I’m a firm believer in the point of view that not all games can or should be about saving the world from some impending apocalypse. That basic premise, which fills 90% of the games out there, is so overdone. That’s why it’s so refreshing when a title comes along that you can just sit back and enjoy instead of gripping your controller so hard with you sweaty hands that you seem on the verge of crushing it into a black hole.
Atelier Totori: The Adventurer of Arland fits that bill perfectly. This follow-up to last year’s Atelier Rorona improves a bit over its predecessor while still maintaining the air of semi-casual non-chalance that gives such a fresh feeling amidst all the heavy, must-save-the-world games that we see all too often in this genre and just in general.
For those new to the Atelier franchise, the concept is simple – there’s a goal for the entire game which you progress to over time as you play by completing quests which involve either gathering, alchemy or battle. That’s pretty much it. Of course, there’s a story to follow as you go through the game, and this one revolves around Totori (pronounced TOH-toh-ree, note the emphasis on the first syllable).
Years ago, her mother, who was an adventurer, disappeared. Her mother never returned home and left her, her father, and her sister, Cecillia (Ceci), to fend for themselves. After her mom left, Totori came into contact with a famed alchemist from Arland and began to learn the art of synthesis, which is a rare talent in the realm. Eventually, though, she wonders about her mom and, in her heart, believes she’s still alive somewhere. Totori sets out to become an adventurer like her mom and uncover the truth behind her disappearance and get answers about why she left in the first place.
To be honest, that sounds pretty heavy, but it doesn’t feel like it as you experience the story unfold through the first hours of the game. Totori is a happy-go-lucky child who tends to have a wiser head on her shoulders than most of the other characters – young or old – in the game. In fact, I found myself smiling many times after Totori delivers a line of dialog with a twinge of sarcasm and seeing the character on the receiving end not give her the time of day. There are some pretty great comedic moments due to the juxtaposition of the general ditziness of other characters as opposed to Totori’s solid disposition.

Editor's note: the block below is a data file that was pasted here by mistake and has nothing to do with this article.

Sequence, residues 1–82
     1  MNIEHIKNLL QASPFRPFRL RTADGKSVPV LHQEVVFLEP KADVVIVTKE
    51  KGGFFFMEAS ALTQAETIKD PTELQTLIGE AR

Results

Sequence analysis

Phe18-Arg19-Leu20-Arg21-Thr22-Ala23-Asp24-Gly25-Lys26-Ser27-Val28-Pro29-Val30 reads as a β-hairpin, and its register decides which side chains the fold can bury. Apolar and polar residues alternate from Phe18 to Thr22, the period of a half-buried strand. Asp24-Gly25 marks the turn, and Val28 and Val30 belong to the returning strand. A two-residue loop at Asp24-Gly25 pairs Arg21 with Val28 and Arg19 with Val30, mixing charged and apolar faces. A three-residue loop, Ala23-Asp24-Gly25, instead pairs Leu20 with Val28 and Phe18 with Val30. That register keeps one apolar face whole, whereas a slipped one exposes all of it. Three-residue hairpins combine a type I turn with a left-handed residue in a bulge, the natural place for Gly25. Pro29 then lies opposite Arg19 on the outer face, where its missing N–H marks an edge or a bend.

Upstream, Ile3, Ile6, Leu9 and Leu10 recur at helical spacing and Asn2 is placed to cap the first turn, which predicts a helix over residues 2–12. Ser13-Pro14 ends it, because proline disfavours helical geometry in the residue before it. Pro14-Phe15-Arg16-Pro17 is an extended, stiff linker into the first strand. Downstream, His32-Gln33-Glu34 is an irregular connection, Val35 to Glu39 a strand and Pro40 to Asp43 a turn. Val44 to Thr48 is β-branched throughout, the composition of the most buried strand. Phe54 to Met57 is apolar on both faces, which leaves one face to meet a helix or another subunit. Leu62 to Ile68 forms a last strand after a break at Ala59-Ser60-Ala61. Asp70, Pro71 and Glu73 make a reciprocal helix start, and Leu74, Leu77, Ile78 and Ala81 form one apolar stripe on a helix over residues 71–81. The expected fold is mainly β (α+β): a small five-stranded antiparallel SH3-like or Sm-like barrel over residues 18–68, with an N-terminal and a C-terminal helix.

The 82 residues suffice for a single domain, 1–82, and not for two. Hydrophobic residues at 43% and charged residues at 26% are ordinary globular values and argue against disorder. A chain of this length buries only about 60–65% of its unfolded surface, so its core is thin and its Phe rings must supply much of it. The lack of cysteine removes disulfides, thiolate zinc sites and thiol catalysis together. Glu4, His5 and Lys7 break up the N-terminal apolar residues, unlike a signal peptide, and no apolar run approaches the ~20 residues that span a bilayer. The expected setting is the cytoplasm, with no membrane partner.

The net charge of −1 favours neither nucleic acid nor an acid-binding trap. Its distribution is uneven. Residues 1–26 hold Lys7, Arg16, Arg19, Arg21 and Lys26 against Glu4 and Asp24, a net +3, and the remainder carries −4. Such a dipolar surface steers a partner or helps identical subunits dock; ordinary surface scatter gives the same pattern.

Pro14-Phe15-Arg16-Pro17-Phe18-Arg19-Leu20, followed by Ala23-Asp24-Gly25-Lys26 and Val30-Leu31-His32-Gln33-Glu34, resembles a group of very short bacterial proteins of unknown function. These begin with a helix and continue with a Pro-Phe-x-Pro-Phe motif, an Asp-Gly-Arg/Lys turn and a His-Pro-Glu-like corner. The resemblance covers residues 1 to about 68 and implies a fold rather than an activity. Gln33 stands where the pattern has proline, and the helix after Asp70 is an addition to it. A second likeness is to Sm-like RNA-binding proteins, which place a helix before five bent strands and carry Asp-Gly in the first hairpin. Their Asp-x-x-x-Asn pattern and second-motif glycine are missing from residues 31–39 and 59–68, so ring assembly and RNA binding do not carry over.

Totori has to basically prove that she’s worthy of being an adventurer over the course of five years (broken into two large time periods – one three years, and the other two years). After she acquires her adventurer’s license, she has to prove that she’s worthy of it or, three years later when it’s up for renewal, she could be denied. That’s where you come in, guiding her through the questing and exploring that makes up the bulk of helping Totori find her way.
The dialog and voice acting is pretty spot on, at least for the main characters. Totori’s actress especially hits a high note with me, with Ceci and Mimi not far behind. Some of the side characters suffer from either faulty acting itself or just general over-acted and oddly-written dialog, but at least that isn’t very prevalent throughout the course of the game, and some of it is entirely optional. There is some very basic, or obvious, dialog, and the typical hiccups that bother me about games like this is still there – plot points will be repeated, goals will be emphasized, much of it is suggestive (skirt flipping? really?) and a lot of it can be very, shall we say, simplistic.
The rest of the audio, while enjoyable at first, becomes extremely repetitive given the amount of time you spend in certain areas. While you do change location – and thus background music – during the course of the game, you spend enough time in each location that things really start to grate into the back of your head. So, the voice acting and dialog is mostly excellent, but the background music can easily become a nuisance.
What is really great is the little graphical and animation improvements over Rorona. While the two games maintain the same general graphical style, Totori is animated better. Totori herself is much better designed and her model seems more lifelike and intricate than Rorona’s did. Even when you see Rorona in this title, you can see the sharp difference between the two characters, and I’m not just talking about their personalities. Little things like Totori jumping and swinging her wand in the field are much better animated here and it all really meshes together.
A couple areas of disappointment in general with the visuals, animations and environments, though, involve the camera (or lack thereof) and some misbegotten collision detection. First off, there is no free-form camera. You can’t rotate the camera to check out your environment or get a better view of impending dangers. This is especially noticeable in various areas where enemies are hidden behind rocks, plants or land formations. Secondly, invisible walls that cause a collision incident, as well as it being difficult to judge when to start swinging Totori’s wand to gain the initiative in combat, cause some minor frustration at times.